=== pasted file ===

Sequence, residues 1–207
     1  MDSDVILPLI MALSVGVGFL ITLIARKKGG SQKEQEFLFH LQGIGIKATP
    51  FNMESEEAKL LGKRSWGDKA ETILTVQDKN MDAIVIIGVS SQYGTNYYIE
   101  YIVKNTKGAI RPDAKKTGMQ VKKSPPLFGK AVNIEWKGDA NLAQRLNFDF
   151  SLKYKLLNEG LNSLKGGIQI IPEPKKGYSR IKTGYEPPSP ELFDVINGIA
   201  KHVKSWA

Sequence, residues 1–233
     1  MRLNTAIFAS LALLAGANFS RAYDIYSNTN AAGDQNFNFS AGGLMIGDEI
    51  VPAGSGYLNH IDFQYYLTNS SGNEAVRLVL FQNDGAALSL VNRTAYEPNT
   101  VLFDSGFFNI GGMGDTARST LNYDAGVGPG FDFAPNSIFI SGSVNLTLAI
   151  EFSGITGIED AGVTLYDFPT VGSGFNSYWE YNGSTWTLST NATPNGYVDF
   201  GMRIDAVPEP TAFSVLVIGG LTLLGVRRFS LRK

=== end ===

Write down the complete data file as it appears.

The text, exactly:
Sequence, residues 1–207
     1  MDSDVILPLI MALSVGVGFL ITLIARKKGG SQKEQEFLFH LQGIGIKATP
    51  FNMESEEAKL LGKRSWGDKA ETILTVQDKN MDAIVIIGVS SQYGTNYYIE
   101  YIVKNTKGAI RPDAKKTGMQ VKKSPPLFGK AVNIEWKGDA NLAQRLNFDF
   151  SLKYKLLNEG LNSLKGGIQI IPEPKKGYSR IKTGYEPPSP ELFDVINGIA
   201  KHVKSWA

Sequence, residues 1–233
     1  MRLNTAIFAS LALLAGANFS RAYDIYSNTN AAGDQNFNFS AGGLMIGDEI
    51  VPAGSGYLNH IDFQYYLTNS SGNEAVRLVL FQNDGAALSL VNRTAYEPNT
   101  VLFDSGFFNI GGMGDTARST LNYDAGVGPG FDFAPNSIFI SGSVNLTLAI
   151  EFSGITGIED AGVTLYDFPT VGSGFNSYWE YNGSTWTLST NATPNGYVDF
   201  GMRIDAVPEP TAFSVLVIGG LTLLGVRRFS LRK